The International Council of Jewish Parliamentarians is being relaunched by the World Jewish Congress to combat “unrelenting waves of global antisemitism and attacks on democratic values,” the WJC said in a press release.
US Senator Jacky Rosen (D-Nevada) will lead the forum. WJC president Ronald S. Lauder had asked her to assume the role.
The ICJP was formally established in 2002 by the WJC as a broadening of a series of biannual meetings of Jewish legislators and parliamentarians held in Jerusalem, which started in 1988.
In 2016, the organization transitioned to a more region-specific focus. But the WJC has now decided that the global rise in antisemitism, as well as what it describes as antidemocratic trends in different parts of the world, demonstrated a need for a renewed global perspective.
“There is a newfound motivation for international cooperation as antisemitism and antidemocratic movements sadly and very seriously continues to flourish,” said David Meluskey, the WJC’s political-affairs director.
“Parliamentarians are looking to learn from each other and share best practices to find solutions that work within and across borders,” he said.
The council was scheduled to convene its first plenary meeting in Washington, but due to the COVID-19 pandemic, the meeting will take place on May 12 by video conference. The WJC Plenary Assembly begins on May 21.
The relaunched forum plans to convene three times a year, twice virtually and once in person when it is safe to have in-person gatherings, Meluskey said.
In-person meetings will be held in Washington, Jerusalem and another major global city on a three-year rotation basis, he said.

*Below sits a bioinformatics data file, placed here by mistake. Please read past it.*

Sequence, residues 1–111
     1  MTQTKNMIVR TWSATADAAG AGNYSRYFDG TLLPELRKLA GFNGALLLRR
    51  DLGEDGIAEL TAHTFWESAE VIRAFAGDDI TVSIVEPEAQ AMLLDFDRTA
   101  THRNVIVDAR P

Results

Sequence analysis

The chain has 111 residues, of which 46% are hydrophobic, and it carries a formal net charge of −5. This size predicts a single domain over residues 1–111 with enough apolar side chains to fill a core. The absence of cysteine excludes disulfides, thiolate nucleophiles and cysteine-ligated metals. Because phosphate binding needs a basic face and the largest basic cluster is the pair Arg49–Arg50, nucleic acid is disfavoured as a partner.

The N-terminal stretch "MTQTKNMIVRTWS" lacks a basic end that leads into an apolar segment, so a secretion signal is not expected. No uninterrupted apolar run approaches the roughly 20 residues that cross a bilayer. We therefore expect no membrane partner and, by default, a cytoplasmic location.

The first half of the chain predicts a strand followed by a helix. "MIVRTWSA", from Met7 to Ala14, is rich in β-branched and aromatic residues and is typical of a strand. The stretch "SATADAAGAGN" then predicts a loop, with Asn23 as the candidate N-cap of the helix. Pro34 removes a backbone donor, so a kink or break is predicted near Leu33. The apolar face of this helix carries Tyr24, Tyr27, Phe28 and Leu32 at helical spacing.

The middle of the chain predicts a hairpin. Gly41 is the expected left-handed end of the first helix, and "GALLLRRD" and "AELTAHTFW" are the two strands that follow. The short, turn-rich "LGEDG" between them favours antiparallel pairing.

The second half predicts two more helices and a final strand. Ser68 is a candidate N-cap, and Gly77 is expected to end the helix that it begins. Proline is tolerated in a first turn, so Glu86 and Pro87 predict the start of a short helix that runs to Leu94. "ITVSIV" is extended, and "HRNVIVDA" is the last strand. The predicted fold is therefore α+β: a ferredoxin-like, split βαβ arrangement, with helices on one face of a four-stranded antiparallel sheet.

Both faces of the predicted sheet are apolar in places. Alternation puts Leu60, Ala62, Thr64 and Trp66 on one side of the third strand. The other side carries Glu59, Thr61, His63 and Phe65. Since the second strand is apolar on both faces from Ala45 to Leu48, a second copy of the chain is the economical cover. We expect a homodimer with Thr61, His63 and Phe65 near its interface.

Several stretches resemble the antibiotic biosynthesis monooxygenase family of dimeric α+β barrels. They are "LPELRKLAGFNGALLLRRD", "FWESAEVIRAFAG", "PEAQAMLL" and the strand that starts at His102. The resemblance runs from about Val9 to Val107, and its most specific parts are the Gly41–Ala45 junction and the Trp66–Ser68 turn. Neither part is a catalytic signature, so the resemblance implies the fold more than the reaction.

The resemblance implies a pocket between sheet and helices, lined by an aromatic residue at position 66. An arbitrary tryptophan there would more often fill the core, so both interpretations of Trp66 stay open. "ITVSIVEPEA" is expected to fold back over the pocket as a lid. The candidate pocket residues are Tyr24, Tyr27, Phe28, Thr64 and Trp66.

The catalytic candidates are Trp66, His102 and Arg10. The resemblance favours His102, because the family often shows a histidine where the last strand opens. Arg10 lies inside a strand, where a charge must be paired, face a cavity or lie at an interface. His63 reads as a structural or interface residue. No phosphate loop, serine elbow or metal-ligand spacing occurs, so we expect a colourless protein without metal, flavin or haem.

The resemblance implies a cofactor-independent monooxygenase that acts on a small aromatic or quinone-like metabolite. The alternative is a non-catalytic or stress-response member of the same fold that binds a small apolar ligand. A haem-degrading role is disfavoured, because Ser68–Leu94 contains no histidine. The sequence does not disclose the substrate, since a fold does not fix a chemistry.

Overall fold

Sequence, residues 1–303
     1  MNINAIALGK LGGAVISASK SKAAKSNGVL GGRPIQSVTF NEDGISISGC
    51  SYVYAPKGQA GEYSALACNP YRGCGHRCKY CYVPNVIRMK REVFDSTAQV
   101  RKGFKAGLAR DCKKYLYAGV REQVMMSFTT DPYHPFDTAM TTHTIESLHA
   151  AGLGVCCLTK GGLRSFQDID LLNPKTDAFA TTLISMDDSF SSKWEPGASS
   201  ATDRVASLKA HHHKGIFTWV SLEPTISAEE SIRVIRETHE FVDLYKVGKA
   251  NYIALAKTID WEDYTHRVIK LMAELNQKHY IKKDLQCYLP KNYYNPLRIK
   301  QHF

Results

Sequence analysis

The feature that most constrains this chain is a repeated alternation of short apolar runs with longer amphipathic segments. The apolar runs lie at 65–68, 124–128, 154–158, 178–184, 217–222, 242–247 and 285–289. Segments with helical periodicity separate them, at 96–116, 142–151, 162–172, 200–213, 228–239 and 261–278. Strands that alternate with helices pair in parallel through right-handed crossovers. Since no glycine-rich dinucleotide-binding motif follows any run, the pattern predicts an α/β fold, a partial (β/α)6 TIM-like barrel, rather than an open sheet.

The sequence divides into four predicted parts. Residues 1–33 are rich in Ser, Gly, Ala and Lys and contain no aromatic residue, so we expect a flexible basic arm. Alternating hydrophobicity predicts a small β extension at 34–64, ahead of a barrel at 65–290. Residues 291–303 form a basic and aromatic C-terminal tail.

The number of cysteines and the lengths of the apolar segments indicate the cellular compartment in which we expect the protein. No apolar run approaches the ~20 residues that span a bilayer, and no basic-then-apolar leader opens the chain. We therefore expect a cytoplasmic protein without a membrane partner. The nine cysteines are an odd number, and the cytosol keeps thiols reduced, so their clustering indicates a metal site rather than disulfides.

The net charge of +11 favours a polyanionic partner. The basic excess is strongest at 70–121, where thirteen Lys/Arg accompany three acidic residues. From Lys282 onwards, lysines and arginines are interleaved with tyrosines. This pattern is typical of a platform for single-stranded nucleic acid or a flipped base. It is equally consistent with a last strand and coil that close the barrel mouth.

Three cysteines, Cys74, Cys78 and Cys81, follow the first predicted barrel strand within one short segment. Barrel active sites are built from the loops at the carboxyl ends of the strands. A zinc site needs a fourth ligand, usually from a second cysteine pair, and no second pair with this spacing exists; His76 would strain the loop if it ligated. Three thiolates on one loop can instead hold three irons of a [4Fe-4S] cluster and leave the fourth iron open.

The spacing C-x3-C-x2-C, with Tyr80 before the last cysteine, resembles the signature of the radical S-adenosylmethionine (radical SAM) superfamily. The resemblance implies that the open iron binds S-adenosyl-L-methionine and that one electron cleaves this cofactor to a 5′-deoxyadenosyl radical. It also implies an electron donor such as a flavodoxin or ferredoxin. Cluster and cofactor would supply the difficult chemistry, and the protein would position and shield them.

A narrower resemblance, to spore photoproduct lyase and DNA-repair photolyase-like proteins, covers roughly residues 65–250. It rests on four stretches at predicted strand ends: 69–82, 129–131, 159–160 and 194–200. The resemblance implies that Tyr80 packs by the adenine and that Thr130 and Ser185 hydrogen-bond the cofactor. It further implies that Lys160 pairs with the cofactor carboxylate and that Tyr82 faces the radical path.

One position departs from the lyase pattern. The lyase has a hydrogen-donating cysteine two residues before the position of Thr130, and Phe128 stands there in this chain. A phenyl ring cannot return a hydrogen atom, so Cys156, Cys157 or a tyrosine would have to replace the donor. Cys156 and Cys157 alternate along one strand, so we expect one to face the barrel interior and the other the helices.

“It is an honor to be named as global chair of the International Council of Jewish Parliamentarians at this critical time for Jewish Americans and for Jews all over the world,” Rosen said following the announcement of ICJP’s relaunch.
“In this role I will work to combat the evils of antisemitism, racism, bigotry and xenophobia,” he said. “I look forward to working alongside Ambassador Lauder and Jewish parliamentarians from around the world in our shared mission to promote tolerance and fight back against hate.”
The ICJP had for decades brought together national Jewish legislators, government ministers and other elected officials from dozens of countries to tackle urgent issues, and the body was again needed to address new concerns, Lauder said.
“As we now witness an era of unfettered conspiracy myths, pervasive antisemitism and xenophobia, a horribly disturbing recurrence of Holocaust denial and rising authoritarianism, the ICJP has a powerful role to play in serving as an incubator and accelerator of best practices to counter these phenomena,” he said.
“As founding co-chair of the Senate Bipartisan Task Force for Combating Antisemitism and a former synagogue president, she [Rosen] uniquely understands the concerns of Jewish communities and Jewish parliamentarians,” Lauder said. “Senator Rosen is the right person at the right time to chair this important forum.”